Archive for October, 2010
I’m sure many of you have heard of Klout score – its a measure of your online twitter influence and now it covers Facebook as well (less than the business page you are managing).
Its a pretty decent tool to measure influence – simple and pleasing to the eye (read: easily understandable) – the latter a plus point when you present to clients. I’ve used it in various aspects to measure the engagement and influence level of a campaign – didnt use Klout per se but its method of scoring i.e the scale from 1 to 10 and it settles pretty well.
An interesting measure is the influence metric – it measure the type of “people” you are attracting in twitter.
My personal influence is as below and I found it rather “convincing” – my intent is to share and learn from other in a defined community that I am interested in. Looks like it works (in a way).
What are your thoughts on Klout? How do you find it?
Keen to hear.
Online gaming has no doubt grown over the years. Think Farmville, My Cafe, Mobster and all. These games had people’s logging in their Facebook accounts and iPhone just to ensure that their items they have cooked does not expire.
This is evident that games play a role in many people’s life. And now McDonalds sees this as an opportunity and decides to enter this space. They created a “1 day campaign” online game on Farmville whereby players will be able to grow their farm twice as fast with all the McDonalds rewards.
Looks like marketers – you want their attention and grow your brand affinity – one of the ways are online gaming. Leverage them. Interesting space here and I am of the view it has alot of potential. Other than communicate on social space, the other activity is to have fun i.e. play games.
The question now is hmm…how does it read into my business objective? Dont get carried away by all these crazes – ultimately as a brand owner – you need to answer that very question. By having this game, how does it serve my business objective?
Google replaced its GAP certification program with the Google Adwords Certification Program and gave agencies 6 months to retake the exam.
From an agency’s point of view, I personally feel that cert is of less “value” as they have reduced the entry requirements – the total ad spent has been reduced significantly. So in a way, this program is easier to achieve for companies in its quest to get the Google Partner Certificate.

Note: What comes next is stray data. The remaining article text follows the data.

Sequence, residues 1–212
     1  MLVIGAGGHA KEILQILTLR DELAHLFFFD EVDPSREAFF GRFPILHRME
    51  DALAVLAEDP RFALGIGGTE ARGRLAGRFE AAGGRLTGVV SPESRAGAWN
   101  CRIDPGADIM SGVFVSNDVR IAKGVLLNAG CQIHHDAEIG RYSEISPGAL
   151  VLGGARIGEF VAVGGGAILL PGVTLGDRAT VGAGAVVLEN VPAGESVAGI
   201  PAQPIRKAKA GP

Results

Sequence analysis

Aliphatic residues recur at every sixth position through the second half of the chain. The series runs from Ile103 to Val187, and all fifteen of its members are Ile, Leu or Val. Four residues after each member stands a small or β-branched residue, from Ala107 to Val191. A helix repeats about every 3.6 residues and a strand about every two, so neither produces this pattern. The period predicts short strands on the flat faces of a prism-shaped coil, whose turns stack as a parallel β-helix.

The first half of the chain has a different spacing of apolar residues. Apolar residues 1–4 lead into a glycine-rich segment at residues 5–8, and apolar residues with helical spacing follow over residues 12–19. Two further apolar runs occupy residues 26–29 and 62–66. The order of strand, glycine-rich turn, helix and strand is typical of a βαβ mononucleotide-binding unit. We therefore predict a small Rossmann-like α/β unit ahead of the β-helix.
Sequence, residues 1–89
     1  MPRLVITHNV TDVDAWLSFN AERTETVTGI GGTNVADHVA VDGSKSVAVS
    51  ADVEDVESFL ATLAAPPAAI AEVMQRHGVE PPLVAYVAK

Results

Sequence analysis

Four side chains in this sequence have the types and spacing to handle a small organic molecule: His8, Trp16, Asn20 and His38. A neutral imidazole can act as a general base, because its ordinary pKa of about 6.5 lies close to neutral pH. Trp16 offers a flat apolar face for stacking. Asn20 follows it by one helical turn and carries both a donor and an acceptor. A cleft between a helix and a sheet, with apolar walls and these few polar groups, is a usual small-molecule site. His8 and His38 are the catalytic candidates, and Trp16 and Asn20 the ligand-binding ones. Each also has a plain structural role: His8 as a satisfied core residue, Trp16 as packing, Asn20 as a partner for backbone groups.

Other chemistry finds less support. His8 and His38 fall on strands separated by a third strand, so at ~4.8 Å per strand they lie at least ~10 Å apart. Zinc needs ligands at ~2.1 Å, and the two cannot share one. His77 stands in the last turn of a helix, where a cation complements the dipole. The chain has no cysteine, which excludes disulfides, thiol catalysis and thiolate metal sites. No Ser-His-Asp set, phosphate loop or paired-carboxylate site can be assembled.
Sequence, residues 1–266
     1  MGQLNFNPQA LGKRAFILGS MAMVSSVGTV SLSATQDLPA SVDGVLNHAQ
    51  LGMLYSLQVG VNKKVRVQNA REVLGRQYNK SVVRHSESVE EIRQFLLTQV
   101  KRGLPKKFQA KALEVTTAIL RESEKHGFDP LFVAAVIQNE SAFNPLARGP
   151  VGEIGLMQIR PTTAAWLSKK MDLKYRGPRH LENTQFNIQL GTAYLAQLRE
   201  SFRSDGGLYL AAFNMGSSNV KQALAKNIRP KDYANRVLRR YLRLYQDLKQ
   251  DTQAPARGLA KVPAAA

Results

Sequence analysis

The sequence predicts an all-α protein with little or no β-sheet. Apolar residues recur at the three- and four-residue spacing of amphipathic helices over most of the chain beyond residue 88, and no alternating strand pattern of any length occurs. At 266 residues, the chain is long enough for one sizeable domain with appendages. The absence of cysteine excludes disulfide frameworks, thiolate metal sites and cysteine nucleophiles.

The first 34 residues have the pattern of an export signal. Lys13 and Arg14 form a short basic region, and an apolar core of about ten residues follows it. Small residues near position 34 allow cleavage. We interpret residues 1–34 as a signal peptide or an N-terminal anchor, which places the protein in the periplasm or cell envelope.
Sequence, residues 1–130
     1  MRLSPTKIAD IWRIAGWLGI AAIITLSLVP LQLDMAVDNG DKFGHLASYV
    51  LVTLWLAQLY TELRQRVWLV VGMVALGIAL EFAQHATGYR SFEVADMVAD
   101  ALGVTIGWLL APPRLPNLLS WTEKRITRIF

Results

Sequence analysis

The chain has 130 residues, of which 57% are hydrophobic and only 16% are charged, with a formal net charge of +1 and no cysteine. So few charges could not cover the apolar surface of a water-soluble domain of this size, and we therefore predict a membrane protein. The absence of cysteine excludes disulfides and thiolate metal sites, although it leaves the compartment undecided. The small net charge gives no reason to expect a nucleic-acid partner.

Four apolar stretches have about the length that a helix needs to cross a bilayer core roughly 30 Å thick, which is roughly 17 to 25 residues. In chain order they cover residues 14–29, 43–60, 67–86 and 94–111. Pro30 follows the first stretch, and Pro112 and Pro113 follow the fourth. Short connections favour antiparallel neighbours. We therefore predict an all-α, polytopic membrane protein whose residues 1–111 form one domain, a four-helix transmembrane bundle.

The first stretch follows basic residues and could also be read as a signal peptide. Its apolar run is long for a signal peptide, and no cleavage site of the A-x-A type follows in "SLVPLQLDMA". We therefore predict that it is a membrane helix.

Nevertheless, I still had to take the exam to ensure that I am properly trained and have the experience
Ok I passed the exam and I am individually certified. Woohoo! Always nice to have additional certificates hanging around, especially from Google.
There you go. (For verification: Google Certification Program Verification)
News has it that brands are buying Facebook Ads (great growth) in order to drive traffic to their Facebook Page (read: secure “Likes” – sorry today this metric is a something that clients seems to be fixated about).
As a marketer, what should you choose? Impressions or Clicks?
Literature in the main have suggested that if you want to brand awareness choose Impressions, if you want call to action – choose “clicks”
So what really works? . I will give a generic answer – it depends.
For me, both impressions and CPC has worked well. A recent campaign (1 month campaign) that I ran, I started with CPC and then moved on to Impressions.
It is when I moved to Impression, the stats went ballistic, my CTR was higher than usual and the social conversion increased whilst paying less. The CPC price was approx USD$0.60 and for CPM I was paying USD0.11 & Average CPC of USD0.04. Juxatpose that with the CPC I was getting at the outset i.e USD0.60. A savings of USD0.64! (of course the clients was all smiles) – better CTR and all.
Curious me decided to find out why is this the case, after much testing – one of the variables that helped was the rotation of ads – and the image of the ad. It played a big role. I did 3 ads with the same ad text but different images – the clicks were vastly different and of course results were as well.
In this particular 1 month campaign, it seems that impression had worked well – as you know there are many variables that affect the effectiveness of an ad. For the sake of brevity I’m only going to touch on 2 variables for this campaign 1) Ad image – That had significant bearing on the effectiveness and conversion. Lesson is play with multiple ads – do the neccessary testing and you can save a bundle and get much better results and 2) Clear CALL TO ACTION (CTA) – Putting the work – Join US or Like US had an impact.
I came across this mathematic formulae (Source: http://www.searchabilityinc.com/2009/03/15/facebook-ads-cpm-vs-cpc/)
Mathematically speaking, the formulae below is saying what is the condition that a CPC model would be more effective than a CPM model. Ultimately according to the author if the following expression holds true:
I*CPC*CTR < (I/1000)*CPM, where
I = impressions
CPC = minimum CPC bid required for Facebook to run your ad
CPM = minimum CPM bid required for Facebook to run your ad
CTR = target audience’s propensity to click on your ad (fancy way of saying click-thru rate)
The expression could be satisfied if CPC and CTR are low or if CPM is high.
Well looks totally wicked. The formulae could very well work for you.
So is this a science or an art? Well my ‘answer” to them is, the questions is flawed to begin with, its to what extent this is science and to what extent this is art.
Keen to hear what successes you managed for your campaigns.